SVK Review

If the title sounds familiar, it’s because this comic got quite a fair amount of press when it was released a year ago, but you might know about it more as “That Warren Ellis comic with the blacklight”, which is actually the best summary you could give to it. For better or worse, SVK is just what you might imagine when you hear it is a Warren Ellis comic and a superspy techno-thriller. Still, to say that Ellis writes a predictable story is doing a disservice to the comic; true, if you’ve read any of his other projects, you can guess, but Ellis has never been interested in twisting plot beats; seems (to me, at least), he’s always been more fascinated with the fictional cultures he’s creating/playing off of, and the stalwart “Ellis Protaganist” is a means to those ends. His best comics, after all, are always more about the setting than the characters, (like Transmetropolitan and Planetary). So, how does this one turn out?

Well, unfortunately, Ellis is pretty restrained in the world building, choosing to stick with a mostly only slightly exaggerated London, and limits himself to only a couple crazy scientific advancements. So, with character and setting already lost, what does SVK offer us?

Well, there’s the obvious gimmick of the blacklight, which was meant to be an innovative alternative to the now passé thought bubble. To be fair, it is rather cleverly used, giving both an in-story justification for it, and being a cogent story without needing to use it. Plus, it’s a remarkable way to imply both the suddenness and privacy of random thoughts. The design of the thing is impressive too; it’s shaped like a security card with an in-story warning and use description on the back. The actual thoughts it shows are largely (again, by necessity) unimportant, save for the final scene where it might actually change the reading of the action (it did for me anyway, as I read the comic entirely without the blacklight the first time, and then went over it again using it). Unfortunately, the fact that the device isn’t a necessity to the reading experience leads to its biggest flaw; the button (on mine, at least. I can’t speak for others) has a very tiny radius, which means you have to just about touch it to the page to read some of the words. Further, it seems as if to conserve battery in shipping, the light automatically turns off after a few seconds, regardless of the pressure on the button. Clearly, these were a way to make the price point not any more wildly expensive (I paid 10 pounds for local shipping, which is about 16 dollars), but it makes it a comic I wouldn’t want to reread using the device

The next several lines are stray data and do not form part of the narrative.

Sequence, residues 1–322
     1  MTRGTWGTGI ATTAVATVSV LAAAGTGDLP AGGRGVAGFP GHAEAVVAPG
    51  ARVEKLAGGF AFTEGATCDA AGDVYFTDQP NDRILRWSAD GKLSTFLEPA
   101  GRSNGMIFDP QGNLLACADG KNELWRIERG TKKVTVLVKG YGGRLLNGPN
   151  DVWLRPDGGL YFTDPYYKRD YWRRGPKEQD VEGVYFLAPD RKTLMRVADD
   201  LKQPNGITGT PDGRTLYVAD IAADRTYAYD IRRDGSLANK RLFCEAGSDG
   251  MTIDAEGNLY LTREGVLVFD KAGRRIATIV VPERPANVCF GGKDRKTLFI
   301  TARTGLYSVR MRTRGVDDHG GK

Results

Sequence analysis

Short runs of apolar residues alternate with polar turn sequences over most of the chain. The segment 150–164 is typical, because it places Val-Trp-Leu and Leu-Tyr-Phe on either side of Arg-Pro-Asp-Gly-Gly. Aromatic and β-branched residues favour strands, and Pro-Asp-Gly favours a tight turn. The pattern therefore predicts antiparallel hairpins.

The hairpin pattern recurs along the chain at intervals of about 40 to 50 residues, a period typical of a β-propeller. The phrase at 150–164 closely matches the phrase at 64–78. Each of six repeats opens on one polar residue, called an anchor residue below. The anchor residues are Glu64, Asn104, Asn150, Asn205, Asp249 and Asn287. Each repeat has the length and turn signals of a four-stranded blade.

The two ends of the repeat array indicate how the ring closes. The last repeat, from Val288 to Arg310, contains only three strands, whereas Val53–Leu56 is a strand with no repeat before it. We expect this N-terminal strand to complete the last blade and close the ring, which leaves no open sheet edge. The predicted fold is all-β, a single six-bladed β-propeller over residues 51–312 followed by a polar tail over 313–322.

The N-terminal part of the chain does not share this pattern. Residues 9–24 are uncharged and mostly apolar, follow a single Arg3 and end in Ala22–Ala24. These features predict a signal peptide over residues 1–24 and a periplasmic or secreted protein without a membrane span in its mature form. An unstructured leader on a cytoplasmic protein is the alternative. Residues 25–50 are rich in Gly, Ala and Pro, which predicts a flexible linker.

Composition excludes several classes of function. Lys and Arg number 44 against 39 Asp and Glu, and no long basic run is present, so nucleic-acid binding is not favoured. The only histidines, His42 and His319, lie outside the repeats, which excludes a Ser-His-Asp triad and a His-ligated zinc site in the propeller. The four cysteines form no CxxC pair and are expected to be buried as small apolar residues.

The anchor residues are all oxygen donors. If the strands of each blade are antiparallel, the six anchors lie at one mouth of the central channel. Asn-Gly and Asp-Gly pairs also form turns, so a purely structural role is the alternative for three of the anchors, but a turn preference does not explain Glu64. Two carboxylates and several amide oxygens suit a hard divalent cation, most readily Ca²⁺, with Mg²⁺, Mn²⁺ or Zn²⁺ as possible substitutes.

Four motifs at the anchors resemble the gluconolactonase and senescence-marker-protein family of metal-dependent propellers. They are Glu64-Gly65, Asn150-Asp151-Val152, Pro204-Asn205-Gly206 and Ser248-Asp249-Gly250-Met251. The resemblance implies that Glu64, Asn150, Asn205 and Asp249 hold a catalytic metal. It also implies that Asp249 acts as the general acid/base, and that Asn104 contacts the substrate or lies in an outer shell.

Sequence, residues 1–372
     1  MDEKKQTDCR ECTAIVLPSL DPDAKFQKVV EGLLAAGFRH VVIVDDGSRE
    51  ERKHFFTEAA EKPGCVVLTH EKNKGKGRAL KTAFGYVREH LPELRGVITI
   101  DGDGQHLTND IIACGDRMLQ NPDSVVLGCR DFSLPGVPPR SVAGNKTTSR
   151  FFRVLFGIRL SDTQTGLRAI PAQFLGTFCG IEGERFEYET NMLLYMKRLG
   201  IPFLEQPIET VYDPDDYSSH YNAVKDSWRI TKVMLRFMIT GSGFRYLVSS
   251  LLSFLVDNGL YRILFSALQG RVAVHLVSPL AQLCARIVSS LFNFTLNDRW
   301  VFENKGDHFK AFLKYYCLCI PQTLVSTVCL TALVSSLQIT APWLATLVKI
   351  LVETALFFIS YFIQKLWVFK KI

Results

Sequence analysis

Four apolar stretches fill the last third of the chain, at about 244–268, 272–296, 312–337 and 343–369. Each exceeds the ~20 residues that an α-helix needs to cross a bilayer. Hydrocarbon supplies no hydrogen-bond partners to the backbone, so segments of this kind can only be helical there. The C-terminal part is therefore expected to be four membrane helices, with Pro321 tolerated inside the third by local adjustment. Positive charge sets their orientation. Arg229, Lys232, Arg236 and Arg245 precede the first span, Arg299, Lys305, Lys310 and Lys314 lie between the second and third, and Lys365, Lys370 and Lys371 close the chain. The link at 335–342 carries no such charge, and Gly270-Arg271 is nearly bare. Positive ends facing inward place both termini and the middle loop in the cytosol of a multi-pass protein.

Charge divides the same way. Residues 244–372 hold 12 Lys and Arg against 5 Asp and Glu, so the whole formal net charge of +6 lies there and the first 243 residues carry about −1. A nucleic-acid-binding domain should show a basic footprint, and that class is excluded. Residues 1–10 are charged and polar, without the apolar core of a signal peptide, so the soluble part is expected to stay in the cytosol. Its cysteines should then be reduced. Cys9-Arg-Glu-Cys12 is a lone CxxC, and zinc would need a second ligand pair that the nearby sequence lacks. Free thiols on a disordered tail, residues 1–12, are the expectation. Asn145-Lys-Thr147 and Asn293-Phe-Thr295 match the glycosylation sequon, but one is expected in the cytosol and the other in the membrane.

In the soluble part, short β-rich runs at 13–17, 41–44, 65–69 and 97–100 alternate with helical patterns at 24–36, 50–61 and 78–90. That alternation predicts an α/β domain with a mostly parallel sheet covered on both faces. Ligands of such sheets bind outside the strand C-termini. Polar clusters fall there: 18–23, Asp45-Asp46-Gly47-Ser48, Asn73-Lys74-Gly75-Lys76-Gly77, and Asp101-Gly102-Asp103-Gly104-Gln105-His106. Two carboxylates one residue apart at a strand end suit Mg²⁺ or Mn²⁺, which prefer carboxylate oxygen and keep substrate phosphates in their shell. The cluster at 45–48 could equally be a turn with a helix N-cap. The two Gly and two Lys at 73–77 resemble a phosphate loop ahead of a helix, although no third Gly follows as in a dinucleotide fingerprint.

As to their content in the other 90% of the comic, Ellis is able to use them for some of his trademark black humor that adds some much needed levity to the otherwise pretty grim tale.

The story itself, with the gimmick and known Ellis writing flourishes thoroughly overtalked, isn’t bad. The art, by D’Israeli, is clear and concise in storytelling, which isn’t always guaranteed in comics. All the characters have distinct designs, and he does a good job drawing in London landmarks. He’s given the burden of quite a few talking head sequences, but he does enough to move the eye over to the pertinent information.

In Summary

This a fine comic, but fairly pricy. Recommended for Ellis completionists, or people that really like comics that include things in the bags.


Ziah Grace

Ziah works at a comic shop and has seen Space Jam. You can contact Ziah at zbg333 [at] gmail [dot] com